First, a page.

In the early part of my career the Telex machine and associated services played a major role in my business communications. When working with a company with operations in Germany and Switzerland, Telex was our “email” of-the-day. Sit down at a clunky QWERTY keyboard and “punch” the message onto a tape (error correction not allowed!). Then dial the number for the other party and run the tape back through the tape reader. Chunk-chunk, chunk-chunk … the whole office knew a telex message was either being sent or received.
But then my employer started using them as the “keyboard” to their mini-computers. The boot process actually came on a tape that you dare not lose. By the end of the 70’s they had been replaced by a somewhat quieter, and much lighter, typewriter-like keyboard.
They want their orders and messages to be more readable and less rude”.
But all activity with the Telex only had upper case letters. In today’s messaging activities that would mean you were shouting. But that’s all there was. And it seems like the U.S. Navy continued to send “ALL CAPS” messages via email or other text-based communications offerings right up to this year.
Today an article appeared announcing the U.S. Navy has decided they “will no longer communicate in all capital letters”.
“While this decision was made to save money and gain efficiencies, if an ancillary benefit is that soldiers no longer feel they’re being screamed at … that’s a good thing too,” said a Navy official.
The Globe and Mail turned on the CAPS LOCK key and gave this announcement an appropriate send off; here’s are screen captures of the actual print edition from Globe2Go:
Yes, normally the Globe and Mail does use both upper and lower case for both print and electronic media.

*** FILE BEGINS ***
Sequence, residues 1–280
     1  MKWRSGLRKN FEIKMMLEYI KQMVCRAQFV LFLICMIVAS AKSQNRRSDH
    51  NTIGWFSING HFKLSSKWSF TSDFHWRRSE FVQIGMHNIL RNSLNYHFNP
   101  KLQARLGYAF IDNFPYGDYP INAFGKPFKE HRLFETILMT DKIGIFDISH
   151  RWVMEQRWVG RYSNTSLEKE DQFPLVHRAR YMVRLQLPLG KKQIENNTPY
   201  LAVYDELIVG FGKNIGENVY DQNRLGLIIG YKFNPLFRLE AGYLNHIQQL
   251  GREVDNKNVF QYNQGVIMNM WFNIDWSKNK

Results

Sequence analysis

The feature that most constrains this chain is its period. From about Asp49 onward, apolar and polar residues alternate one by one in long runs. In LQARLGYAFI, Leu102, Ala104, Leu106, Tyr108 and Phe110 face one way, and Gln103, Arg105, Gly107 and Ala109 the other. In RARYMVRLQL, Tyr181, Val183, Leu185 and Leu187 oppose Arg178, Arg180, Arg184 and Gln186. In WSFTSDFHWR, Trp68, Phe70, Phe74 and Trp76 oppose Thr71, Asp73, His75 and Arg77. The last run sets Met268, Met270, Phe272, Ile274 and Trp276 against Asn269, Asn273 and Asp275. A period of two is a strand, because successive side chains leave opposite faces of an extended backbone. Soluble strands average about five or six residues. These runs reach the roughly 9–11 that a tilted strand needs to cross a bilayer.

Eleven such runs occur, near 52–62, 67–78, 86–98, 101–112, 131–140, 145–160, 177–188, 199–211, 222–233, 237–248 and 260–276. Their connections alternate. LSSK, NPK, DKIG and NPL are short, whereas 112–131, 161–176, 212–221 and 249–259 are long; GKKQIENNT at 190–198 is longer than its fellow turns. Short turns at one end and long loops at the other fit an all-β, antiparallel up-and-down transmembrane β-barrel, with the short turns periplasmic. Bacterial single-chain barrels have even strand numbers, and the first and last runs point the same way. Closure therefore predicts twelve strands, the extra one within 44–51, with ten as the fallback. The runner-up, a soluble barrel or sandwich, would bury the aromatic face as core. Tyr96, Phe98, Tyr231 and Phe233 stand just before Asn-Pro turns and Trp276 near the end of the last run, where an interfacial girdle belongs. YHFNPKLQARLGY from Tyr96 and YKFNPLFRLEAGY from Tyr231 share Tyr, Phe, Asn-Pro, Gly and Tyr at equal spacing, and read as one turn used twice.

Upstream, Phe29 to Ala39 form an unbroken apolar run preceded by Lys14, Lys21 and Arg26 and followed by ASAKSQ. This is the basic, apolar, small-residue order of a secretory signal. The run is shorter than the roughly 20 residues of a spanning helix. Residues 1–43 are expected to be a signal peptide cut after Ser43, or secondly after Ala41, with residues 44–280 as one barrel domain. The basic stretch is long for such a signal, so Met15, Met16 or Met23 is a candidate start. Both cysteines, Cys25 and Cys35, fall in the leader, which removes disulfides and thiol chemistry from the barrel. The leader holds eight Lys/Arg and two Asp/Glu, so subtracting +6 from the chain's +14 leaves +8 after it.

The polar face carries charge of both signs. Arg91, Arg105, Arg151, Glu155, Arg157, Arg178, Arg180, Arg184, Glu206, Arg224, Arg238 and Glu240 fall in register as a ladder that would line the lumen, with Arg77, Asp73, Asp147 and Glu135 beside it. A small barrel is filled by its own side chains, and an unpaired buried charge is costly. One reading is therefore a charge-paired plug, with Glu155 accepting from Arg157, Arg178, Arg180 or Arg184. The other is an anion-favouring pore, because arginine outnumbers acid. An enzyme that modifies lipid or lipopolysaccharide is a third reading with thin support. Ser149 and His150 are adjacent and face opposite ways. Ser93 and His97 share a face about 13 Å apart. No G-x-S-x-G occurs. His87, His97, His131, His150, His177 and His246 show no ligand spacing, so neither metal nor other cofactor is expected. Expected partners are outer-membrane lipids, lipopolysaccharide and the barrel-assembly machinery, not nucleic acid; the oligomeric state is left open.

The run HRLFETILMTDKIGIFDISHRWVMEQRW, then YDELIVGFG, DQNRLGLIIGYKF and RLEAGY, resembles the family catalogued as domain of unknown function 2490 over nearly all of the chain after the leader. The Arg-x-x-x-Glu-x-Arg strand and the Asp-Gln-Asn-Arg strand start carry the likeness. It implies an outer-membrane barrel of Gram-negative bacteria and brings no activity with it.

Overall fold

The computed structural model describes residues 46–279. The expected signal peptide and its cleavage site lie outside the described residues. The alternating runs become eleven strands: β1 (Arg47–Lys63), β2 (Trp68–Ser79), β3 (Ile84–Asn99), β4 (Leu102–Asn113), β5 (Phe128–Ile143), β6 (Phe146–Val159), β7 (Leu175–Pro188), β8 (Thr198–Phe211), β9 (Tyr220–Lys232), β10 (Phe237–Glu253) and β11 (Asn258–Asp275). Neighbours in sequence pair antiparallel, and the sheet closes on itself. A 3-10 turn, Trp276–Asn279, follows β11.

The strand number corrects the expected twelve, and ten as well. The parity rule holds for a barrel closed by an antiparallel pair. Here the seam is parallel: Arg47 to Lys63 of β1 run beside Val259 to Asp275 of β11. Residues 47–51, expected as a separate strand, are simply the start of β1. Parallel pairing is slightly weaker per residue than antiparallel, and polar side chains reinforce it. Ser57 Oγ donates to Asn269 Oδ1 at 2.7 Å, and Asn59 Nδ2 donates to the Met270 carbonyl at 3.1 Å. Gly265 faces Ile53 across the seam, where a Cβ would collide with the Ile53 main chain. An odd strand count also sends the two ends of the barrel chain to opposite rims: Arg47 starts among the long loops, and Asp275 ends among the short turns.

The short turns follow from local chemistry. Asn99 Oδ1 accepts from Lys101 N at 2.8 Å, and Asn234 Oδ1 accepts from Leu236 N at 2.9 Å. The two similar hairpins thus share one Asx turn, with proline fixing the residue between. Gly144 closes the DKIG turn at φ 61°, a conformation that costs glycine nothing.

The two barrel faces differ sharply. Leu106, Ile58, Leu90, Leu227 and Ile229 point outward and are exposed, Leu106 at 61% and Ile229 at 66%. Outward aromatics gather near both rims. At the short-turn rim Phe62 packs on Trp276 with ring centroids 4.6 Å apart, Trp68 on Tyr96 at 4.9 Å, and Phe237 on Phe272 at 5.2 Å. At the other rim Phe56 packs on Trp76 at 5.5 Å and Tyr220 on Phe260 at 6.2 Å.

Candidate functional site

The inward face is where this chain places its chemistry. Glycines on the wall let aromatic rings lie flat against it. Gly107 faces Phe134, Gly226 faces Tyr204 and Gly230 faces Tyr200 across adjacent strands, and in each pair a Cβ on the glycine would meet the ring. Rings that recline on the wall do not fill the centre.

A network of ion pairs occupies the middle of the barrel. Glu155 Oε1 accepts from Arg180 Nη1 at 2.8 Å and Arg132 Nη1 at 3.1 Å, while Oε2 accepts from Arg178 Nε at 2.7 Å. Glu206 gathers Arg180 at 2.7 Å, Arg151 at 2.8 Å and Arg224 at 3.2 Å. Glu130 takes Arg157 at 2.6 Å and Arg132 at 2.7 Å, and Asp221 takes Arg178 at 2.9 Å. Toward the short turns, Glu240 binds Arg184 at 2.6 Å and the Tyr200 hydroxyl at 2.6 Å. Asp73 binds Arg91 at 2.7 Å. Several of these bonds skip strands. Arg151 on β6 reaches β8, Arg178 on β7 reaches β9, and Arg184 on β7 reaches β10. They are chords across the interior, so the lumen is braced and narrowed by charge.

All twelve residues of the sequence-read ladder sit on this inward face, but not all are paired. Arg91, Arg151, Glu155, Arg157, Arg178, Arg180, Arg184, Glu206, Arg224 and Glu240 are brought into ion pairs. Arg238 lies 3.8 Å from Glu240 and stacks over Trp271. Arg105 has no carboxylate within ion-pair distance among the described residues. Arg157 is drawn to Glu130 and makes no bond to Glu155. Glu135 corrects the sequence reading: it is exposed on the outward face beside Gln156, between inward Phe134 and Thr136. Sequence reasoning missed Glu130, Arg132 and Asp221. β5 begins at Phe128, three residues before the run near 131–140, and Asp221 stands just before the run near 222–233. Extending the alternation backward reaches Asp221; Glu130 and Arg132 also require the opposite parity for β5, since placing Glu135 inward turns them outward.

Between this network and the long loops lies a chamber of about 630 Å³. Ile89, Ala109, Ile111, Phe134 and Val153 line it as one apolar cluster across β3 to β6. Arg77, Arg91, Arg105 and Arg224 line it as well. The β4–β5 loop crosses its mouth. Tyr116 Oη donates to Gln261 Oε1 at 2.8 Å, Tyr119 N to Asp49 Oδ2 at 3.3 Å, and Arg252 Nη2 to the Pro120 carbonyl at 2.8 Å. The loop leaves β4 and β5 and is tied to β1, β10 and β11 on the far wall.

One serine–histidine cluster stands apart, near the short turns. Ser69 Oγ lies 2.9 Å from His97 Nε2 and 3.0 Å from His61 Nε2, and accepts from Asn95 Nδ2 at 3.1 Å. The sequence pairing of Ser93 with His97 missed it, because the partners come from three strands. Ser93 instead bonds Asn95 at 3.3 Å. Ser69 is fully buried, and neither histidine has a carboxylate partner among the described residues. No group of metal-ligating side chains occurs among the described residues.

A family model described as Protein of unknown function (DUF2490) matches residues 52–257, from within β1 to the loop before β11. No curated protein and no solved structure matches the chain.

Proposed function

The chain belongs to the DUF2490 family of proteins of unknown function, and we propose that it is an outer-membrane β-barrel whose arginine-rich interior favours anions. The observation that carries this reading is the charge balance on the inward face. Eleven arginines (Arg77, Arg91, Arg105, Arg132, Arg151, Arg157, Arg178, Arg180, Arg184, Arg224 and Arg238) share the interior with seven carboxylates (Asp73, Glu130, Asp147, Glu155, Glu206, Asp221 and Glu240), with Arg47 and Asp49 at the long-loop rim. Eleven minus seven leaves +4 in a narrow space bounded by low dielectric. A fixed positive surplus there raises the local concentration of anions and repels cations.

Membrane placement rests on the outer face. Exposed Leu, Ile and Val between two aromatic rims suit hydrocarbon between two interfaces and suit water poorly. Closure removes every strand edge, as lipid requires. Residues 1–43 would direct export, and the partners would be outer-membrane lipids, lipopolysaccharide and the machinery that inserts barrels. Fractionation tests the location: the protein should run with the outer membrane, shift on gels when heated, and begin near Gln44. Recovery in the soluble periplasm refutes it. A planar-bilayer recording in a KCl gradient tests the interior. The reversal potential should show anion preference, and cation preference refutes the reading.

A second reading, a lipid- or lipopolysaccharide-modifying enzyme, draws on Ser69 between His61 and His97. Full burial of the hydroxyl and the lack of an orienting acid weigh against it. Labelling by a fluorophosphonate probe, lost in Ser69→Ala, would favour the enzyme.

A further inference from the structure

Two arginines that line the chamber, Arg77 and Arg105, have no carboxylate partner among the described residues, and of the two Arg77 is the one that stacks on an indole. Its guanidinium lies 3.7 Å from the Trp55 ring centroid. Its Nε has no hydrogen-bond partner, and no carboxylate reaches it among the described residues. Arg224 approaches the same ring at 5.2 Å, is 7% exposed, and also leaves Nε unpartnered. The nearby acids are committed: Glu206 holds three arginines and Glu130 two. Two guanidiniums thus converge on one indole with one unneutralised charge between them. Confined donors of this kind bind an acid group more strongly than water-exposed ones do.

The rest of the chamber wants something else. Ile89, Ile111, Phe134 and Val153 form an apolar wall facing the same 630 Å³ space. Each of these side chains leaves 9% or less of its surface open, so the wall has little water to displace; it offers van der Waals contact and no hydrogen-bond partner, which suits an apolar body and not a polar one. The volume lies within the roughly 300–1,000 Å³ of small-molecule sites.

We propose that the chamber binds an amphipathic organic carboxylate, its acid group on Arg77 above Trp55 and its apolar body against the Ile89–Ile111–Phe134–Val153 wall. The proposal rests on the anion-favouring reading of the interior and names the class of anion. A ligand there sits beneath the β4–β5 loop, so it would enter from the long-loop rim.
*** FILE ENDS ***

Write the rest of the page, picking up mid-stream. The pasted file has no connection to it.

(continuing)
In some sense recalling this era reminds me of today’s Twitter or Instant Messaging. While working at Bruker’s German facility in the early 1970’s I recall following our U.S. subsidiary’s activities involving the sale of a new top-of-the-line Magnetic Resonance spectrometer, involving leading edge, very high field, superconducting magnets, to Stanford Univesity’s Biochemistry Department. Several times a day we would head back to the Telex messages to get an update on the progress of the sales negotiations. My employer won the contract over the other bidder, Varian Associates – a Stanford startup of the 1930’s era that was located across the street from the Stanford campus.
All that Twitter and Instant Messaging has changed is the speed at which we get our messages and the volume of messages possible. But human curiosity as to the content of the messages has been around forever, especially when they are time-sensitive.
Bottom line: Seems like the last remnants of the Telex area have finally been put to rest (or put to sea?). Now to get rid of the blisters on my fingers from punching that mechanical keyboard. Of course today those communications would have happened using Skype or similar offerings (will that be chat, voice or video?). Or using a smartphone - it definitely lacked the predictive text smarts of my BlackBerry Z10 touch keyboard.
Now back to sending a text message prior to making a voice or video call.
Picture courtesy Arnold Rheinhold via Wikipedia under a Creative Commons Attribution 2.0 license.